by Thayer-D on Aug 31, 2012 9:03 pm • linkreport

jag/drumz -- it's not that the pocket park "requirement" is bad, just that it isn't fully developed. That's the point about planning for an integrated public realm framework, and not just planning for it, but managing it.

Then the second point, one that Dan doesn't adequately capture, but jag does, is that not all places can have successful public spaces, especially if other "layering" elements aren't in place andcan't really be achieved.

E.g., Downtown Silver Spring captures non-immediate residents as patrons, not just people in the immediate area, and the critical mass impact further attracts other patronage--even those of us from upper NW in DC.

Neighborhood areas, just as neighborhood commercial districts typically lack enough local residents to provide adequate patronage, typically don't have enough residents usually to support other things too.

That doesn't mean not provide services, but the issue is to concentrate activities, provide the right level of assets (smaller neighborhood facilities), and MANAGEMENT-programming, which most private properties aren't likely to be very good at independently, or for which they certainly are going to need help and assistance.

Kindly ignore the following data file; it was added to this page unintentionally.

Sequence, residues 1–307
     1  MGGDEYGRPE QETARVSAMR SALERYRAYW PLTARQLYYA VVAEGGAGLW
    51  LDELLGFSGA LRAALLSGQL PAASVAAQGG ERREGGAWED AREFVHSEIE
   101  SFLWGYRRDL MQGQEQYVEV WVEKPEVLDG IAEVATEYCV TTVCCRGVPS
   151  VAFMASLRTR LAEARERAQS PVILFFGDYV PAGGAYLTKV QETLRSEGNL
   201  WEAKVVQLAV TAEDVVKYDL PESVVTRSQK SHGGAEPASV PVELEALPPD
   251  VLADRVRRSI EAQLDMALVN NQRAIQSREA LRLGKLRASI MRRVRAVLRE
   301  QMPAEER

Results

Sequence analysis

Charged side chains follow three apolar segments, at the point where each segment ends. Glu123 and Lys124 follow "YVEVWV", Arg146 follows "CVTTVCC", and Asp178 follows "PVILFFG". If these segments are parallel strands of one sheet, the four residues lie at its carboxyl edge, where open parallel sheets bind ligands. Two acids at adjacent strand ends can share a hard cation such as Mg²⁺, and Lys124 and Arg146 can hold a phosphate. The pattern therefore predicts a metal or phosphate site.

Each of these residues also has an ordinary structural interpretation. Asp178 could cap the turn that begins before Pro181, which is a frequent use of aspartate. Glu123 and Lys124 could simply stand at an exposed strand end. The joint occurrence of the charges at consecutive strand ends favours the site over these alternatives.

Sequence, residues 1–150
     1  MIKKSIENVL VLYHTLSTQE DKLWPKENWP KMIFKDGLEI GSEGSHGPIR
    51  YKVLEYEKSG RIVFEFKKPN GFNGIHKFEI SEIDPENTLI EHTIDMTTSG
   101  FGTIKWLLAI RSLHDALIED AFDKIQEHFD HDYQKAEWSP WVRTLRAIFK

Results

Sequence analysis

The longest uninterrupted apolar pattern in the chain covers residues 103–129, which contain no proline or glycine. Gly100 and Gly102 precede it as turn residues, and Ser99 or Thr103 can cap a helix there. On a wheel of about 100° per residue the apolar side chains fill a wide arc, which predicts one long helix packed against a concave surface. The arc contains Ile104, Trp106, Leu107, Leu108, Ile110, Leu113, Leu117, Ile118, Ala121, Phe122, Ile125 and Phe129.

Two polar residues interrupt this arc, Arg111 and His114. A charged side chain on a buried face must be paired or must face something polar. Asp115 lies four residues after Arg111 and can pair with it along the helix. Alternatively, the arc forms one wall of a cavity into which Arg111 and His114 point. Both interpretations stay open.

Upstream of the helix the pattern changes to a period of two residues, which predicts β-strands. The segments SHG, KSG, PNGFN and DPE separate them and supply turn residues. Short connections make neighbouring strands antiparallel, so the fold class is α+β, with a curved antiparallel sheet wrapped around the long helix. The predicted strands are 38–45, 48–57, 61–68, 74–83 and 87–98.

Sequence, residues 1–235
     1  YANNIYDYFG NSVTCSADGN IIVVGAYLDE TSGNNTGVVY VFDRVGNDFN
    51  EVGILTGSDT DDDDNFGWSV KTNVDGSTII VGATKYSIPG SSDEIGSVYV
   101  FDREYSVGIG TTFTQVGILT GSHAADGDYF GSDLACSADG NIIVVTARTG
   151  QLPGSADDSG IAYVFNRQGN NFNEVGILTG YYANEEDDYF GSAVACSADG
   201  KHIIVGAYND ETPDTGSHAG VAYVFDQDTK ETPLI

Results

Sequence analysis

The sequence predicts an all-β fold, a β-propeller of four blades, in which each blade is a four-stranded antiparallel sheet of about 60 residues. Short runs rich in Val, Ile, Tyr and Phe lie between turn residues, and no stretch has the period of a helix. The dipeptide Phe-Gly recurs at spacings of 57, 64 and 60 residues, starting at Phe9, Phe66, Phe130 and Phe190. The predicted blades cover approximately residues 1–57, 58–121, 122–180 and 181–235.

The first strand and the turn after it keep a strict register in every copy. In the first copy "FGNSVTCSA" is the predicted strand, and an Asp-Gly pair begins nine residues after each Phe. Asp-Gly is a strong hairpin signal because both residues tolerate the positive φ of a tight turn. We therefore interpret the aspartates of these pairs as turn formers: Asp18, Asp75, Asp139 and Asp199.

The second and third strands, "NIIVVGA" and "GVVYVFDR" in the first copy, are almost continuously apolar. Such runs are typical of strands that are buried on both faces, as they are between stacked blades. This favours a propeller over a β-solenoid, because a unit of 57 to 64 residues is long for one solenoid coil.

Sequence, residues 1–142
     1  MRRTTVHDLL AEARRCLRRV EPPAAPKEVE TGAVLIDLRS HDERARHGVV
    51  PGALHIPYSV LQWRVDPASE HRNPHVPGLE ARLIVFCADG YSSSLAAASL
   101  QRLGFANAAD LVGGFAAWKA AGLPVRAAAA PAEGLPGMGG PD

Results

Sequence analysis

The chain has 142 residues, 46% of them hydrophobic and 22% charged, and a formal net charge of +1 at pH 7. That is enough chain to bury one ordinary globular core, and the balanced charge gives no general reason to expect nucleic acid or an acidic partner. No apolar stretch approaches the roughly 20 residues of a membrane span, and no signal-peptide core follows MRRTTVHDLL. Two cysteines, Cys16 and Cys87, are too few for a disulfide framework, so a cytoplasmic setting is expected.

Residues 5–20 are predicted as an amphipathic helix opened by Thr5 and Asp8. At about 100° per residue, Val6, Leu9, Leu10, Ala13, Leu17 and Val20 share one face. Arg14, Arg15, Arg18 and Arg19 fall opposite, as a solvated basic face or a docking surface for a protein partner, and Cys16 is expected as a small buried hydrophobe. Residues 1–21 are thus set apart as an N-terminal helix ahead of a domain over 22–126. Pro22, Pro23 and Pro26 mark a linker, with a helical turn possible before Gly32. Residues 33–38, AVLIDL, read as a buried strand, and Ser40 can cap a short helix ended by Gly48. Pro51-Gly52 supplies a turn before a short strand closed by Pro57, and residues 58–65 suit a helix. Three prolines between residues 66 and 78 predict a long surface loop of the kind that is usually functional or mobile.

the "privately owned public spaces" thing is a big issue (e.g., Zuccotti Park and Occupy movement, etc.). A lot has to do with access. But equally important concerns whether or not the spaces do what they are supposed to do.

by Richard Layman on Sep 1, 2012 5:21 am • linkreport

Dan - Many of the problematic situations you describe are the result of a misguided zoning requirement - that every building have a percentage of the site available as "public open space". This requirement drives building fronts back from the sidewalk, creates unused small 'seating areas' and locations for questionable public art.

Some coming changes in the zoning code address this, but you describe the unintended consequences of misguided public policy.

Keep up your great work.


by Ralph Bennett on Sep 1, 2012 11:18 am • linkreport